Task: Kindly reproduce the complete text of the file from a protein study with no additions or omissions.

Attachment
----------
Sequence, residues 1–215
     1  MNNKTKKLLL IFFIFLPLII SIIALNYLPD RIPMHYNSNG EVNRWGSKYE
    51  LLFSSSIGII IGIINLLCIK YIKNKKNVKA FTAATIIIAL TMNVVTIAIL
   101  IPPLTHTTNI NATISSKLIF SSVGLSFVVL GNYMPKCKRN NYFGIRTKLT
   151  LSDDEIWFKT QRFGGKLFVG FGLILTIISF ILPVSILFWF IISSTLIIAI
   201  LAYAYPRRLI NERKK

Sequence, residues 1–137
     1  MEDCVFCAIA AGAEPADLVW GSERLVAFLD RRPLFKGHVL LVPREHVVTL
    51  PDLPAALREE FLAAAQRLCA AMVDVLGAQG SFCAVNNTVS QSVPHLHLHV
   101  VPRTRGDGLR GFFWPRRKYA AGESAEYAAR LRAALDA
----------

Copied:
Sequence, residues 1–215
     1  MNNKTKKLLL IFFIFLPLII SIIALNYLPD RIPMHYNSNG EVNRWGSKYE
    51  LLFSSSIGII IGIINLLCIK YIKNKKNVKA FTAATIIIAL TMNVVTIAIL
   101  IPPLTHTTNI NATISSKLIF SSVGLSFVVL GNYMPKCKRN NYFGIRTKLT
   151  LSDDEIWFKT QRFGGKLFVG FGLILTIISF ILPVSILFWF IISSTLIIAI
   201  LAYAYPRRLI NERKK

Sequence, residues 1–137
     1  MEDCVFCAIA AGAEPADLVW GSERLVAFLD RRPLFKGHVL LVPREHVVTL
    51  PDLPAALREE FLAAAQRLCA AMVDVLGAQG SFCAVNNTVS QSVPHLHLHV
   101  VPRTRGDGLR GFFWPRRKYA AGESAEYAAR LRAALDA